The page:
You say you are NOW using the Django User model. Based on your error message, specifically My_App_users being identified in the integrity error, not auth_users, it sounds like you originally built your models using your own User model? Your database table for Account appears to still be defined in a way where the DB is expecting your Account rows to reference objects in My_App_usres, not auth_users. Note Django itself (syncdb command) does not do any database schema migration, it simply creates tables for models it finds that do not yet have tables in the database. If you are making changes to the models in your Python code, you need to either manually update the database shema to match what you have done on the Python side, or use some tool like South to help with automatically migrating the database schema to match changes you have made to the Python code.

comment:5 in reply to: ↑ 4 Changed 2 years ago by anonymous

Replying to kmtracey:

You say you are NOW using the Django User model. Based on your error message, specifically My_App_users being identified in the integrity error, not auth_users, it sounds like you originally built your models using your own User model? Your database table for Account appears to still be defined in a way where the DB is expecting your Account rows to reference objects in My_App_usres, not auth_users. Note Django itself (syncdb command) does not do any database schema migration, it simply creates tables for models it finds that do not yet have tables in the database. If you are making changes to the models in your Python code, you need to either manually update the database shema to match what you have done on the Python side, or use some tool like South to help with automatically migrating the database schema to match changes you have made to the Python code.

Yep I've done schemamigrations using south and then issued migrate but to no effect. Luckily, as I'm just beginning, I have the option of wiping the DB. Would this fix things, allowing it to be rebuilt with only Accounts, Passwords, and the Django user class?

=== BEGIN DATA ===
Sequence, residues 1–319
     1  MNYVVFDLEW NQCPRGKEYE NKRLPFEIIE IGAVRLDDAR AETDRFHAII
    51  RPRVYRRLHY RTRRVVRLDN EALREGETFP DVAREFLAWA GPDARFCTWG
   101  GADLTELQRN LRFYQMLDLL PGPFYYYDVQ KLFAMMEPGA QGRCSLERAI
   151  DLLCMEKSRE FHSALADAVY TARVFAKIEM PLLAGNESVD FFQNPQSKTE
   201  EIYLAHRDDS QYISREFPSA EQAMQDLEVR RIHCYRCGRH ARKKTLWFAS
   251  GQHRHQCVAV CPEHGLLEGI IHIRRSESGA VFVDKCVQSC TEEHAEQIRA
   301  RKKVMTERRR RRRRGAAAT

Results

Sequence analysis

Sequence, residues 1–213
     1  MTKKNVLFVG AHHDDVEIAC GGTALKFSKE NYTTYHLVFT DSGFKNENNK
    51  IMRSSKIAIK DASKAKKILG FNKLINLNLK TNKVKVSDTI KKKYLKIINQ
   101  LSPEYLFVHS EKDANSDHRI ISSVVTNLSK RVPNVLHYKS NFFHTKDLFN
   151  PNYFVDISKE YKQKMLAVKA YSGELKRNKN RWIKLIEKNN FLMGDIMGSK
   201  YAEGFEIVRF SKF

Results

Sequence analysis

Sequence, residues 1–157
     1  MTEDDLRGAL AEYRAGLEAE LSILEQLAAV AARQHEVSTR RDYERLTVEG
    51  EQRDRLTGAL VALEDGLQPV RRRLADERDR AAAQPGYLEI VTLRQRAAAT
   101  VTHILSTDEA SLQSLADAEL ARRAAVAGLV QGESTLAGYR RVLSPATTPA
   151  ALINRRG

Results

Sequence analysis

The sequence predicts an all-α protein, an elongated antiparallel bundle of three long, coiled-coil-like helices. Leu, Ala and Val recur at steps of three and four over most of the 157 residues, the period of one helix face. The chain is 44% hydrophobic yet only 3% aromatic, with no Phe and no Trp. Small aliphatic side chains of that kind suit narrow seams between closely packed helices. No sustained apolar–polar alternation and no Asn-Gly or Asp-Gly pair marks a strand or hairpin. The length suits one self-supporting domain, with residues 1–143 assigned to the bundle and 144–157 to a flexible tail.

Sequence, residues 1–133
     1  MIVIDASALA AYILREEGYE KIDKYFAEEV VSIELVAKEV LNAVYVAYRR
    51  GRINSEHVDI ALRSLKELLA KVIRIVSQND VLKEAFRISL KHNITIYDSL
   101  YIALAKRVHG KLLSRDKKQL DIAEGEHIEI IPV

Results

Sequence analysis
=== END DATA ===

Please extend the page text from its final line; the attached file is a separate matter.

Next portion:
comment:6 in reply to: ↑ 4 Changed 2 years ago by anonymous

Replying to kmtracey:

You say you are NOW using the Django User model. Based on your error message, specifically My_App_users being identified in the integrity error, not auth_users, it sounds like you originally built your models using your own User model? Your database table for Account appears to still be defined in a way where the DB is expecting your Account rows to reference objects in My_App_usres, not auth_users. Note Django itself (syncdb command) does not do any database schema migration, it simply creates tables for models it finds that do not yet have tables in the database. If you are making changes to the models in your Python code, you need to either manually update the database shema to match what you have done on the Python side, or use some tool like South to help with automatically migrating the database schema to match changes you have made to the Python code.

Sorry I was looking up how to reset Postgres tables and ran this command 'python Django_App/manage.py sqlsequencereset My_App '. It outputs the following:

BEGIN;
SELECT setval(pg_get_serial_sequence('"My_App_accounts"','id'), coalesce(max("id"), 1), max("id") IS NOT null) FROM "My_App_accounts";
SELECT setval(pg_get_serial_sequence('"My_App_passwords"','id'), coalesce(max("id"), 1), max("id") IS NOT null) FROM "My_App_passwords";
COMMIT;

The user table didn't even show up, but I know it must be there (or something is) because the auto increment on the user_id primary key is working correctly. Does this mean anything to you?